0.025% solution for inhalation contains the preservative benzalkonium chloride and the stabilizer ethylenediaminetetraacetic acid. There are reports that these substances, when administered in high doses, can cause bronchospasm in some patients.
It is not recommended to exceed the set daily dose, both with short-term and long-term use of the drug.
The drug should be used with caution in patients with angle-closure glaucoma and urination disorders due to benign prostatic hyperplasia.
In case of accidental contact with the patient with closed angle glaucoma, the intraocular pressure may increase.
Eye pain or discomfort, blurred vision, the appearance of halo and colored spots before the eyes, in combination with conjunctival and corneal hyperemia, can be symptoms of an attack of narrow-angle glaucoma. If any of these symptoms appear, drops should be prescribed that cause pupil constriction and immediately consult an ophthalmologist.
If the patient’s condition worsens or there is no significant improvement, consult a doctor to determine a plan for further treatment. In the case of sudden and rapid increase in shortness of breath (difficulty breathing), you should immediately consult a doctor.
Children dosed aerosol Atrovent N should be prescribed only after the recommendation of a doctor and under the supervision of adults.
Symptoms: no specific overdose symptoms have been identified. There may be minor manifestations of systemic anticholinergic effects, such as dry mouth, disturbed accommodation, an increase in heart rate.
- Brand name: Atrovent N
- Active ingredient: Ipratropium bromide
- Dosage form: Spray can.
- Manufacturer: Boehringer Ingelheim
- Country of Origin: Austria
- Effect of ipratropium bromide on bronchospasm induced by inhalation of hypotonic solutions
- Ipratropium bromide spray as treatment for sialorrhea in Parkinson's disease
- The Protective Effects of Ipratropium Bromide and Terbutaline on Distilled Water-induced Bronchoconstriction
- A comparison of the bronchodilating effects of salmeterol, salbutamol and Ipratropium bromide in patients with chronic obstructive pulmonary disease
- Physicochemical and in vitro deposition properties of salbutamol sulphate/ipratropium bromide and salbutamol sulphate/excipient spray dried mixtures for use in dry powder inhalers
- Radioreceptor assays of ipratropium bromide in plasma and urine
- High-performance liquid chromatographic assay for the simultaneous determination of ipratropium bromide, fenoterol, salbutamol and terbutaline in nebulizer solution
- Development and validation of a stability indicating RP-HPLC method for the simultaneous determination of related substances of albuterol sulfate and ipratropium bromide in nasal solution
- Supercritical fluid-micronized ipratropium bromide for pulmonary drug delivery
- Ipratropium Bromide in Emergency Management of Acute Asthma Exacerbation
- Decreased duration of emergency department treatment of chronic obstructive pulmonary disease exacerbations with the addition of ipratropium bromide to β-agonist therapy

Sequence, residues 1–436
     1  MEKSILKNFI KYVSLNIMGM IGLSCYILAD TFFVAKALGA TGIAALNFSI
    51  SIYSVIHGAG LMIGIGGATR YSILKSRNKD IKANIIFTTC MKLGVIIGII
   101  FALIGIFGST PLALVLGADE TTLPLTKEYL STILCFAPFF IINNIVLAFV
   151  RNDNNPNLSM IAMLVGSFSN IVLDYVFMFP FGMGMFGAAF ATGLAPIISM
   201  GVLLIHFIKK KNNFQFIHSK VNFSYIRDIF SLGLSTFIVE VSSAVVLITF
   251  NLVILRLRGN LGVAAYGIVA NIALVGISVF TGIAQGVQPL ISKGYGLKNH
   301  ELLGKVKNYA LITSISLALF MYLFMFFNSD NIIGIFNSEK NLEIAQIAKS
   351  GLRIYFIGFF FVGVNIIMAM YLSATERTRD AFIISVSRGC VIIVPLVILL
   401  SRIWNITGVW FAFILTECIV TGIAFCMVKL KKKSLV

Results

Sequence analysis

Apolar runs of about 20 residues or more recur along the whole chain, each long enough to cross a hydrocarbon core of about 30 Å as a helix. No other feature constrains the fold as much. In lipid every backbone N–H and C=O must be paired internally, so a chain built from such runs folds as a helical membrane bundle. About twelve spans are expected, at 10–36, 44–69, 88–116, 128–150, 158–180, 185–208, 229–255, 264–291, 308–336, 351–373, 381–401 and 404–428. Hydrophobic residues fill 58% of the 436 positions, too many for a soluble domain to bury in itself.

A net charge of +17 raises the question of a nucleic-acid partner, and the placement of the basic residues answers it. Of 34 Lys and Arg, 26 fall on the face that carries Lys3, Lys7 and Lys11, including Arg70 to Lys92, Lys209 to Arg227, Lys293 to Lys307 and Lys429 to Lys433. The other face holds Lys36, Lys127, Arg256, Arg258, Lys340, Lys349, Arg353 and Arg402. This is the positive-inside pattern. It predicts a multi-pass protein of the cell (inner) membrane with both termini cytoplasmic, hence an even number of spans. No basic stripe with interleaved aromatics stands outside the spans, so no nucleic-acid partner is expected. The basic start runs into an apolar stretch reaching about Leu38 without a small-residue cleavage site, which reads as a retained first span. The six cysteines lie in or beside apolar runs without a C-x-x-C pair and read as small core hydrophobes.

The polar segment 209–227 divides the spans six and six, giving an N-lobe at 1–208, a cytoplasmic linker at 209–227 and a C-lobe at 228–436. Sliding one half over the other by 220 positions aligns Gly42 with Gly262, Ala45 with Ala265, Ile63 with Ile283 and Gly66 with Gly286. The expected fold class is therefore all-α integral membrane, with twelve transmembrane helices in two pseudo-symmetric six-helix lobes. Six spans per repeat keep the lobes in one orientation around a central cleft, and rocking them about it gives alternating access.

- Comparison of the anticholinergic bronchodilator ipratropium bromide with metaproterenol in chronic obstructive pulmonary disease: Tashkin DP, Ashutosh K, Bleecker ER, et al Am J Med 81 (suppl 5A):81–90 Nov 1986
- Should ipratropium bromide be added to beta-agonists in treatment of acute severe asthma?: Higgins RM, Stradling JR, Lane DJ Chest 94:718–722 Aug 1988
- Adjunctive use of ipratropium bromide in the emergency management of acute asthma
- Acute Angle-Closure Glaucoma as a Complication of Combined β-Agonist and Ipratropium Bromide Therapy in the Emergency Department
- For COPD a combination of ipratropium bromide and albuterol sulfate is more effective than albuterol base: Campbell S Arch Intern Med 159:156–160 January 1999
- The separation of ipratropium bromide and its related compounds
- Determination of ipratropium bromide in vials using kinetic and first-derivative spectrophotometric methods
- A time-dose study of the effect of topical ipratropium bromide on methacholine-induced rhinorrhoea in patients with perennial non-allergic rhinitis
- Standard dose of inhaled albuterol significantly increases QT dispersion compared to low dose of albuterol plus ipratropium bromide therapy in moderate to severe acute asthma attacks in children
- Efficacy and safety of ipratropium bromide plus fenoterol inhaled via Respimat® Soft Mist™ Inhaler vs. a conventional metered dose inhaler plus spacer in children with asthma
- Bronchodilatory effects of salbutamol, ipratropium bromide, and their combination: Double-blind, placebo-controlled crossover study in cystic fibrosis
- The bronchodilator effect of a fixed-combination metered aerosol (fenoterol and ipratropium bromide)
- Bronchodilator effect of fenoterol and ipratropium bromide in infants with acute wheezing: Use of MDI with a spacer device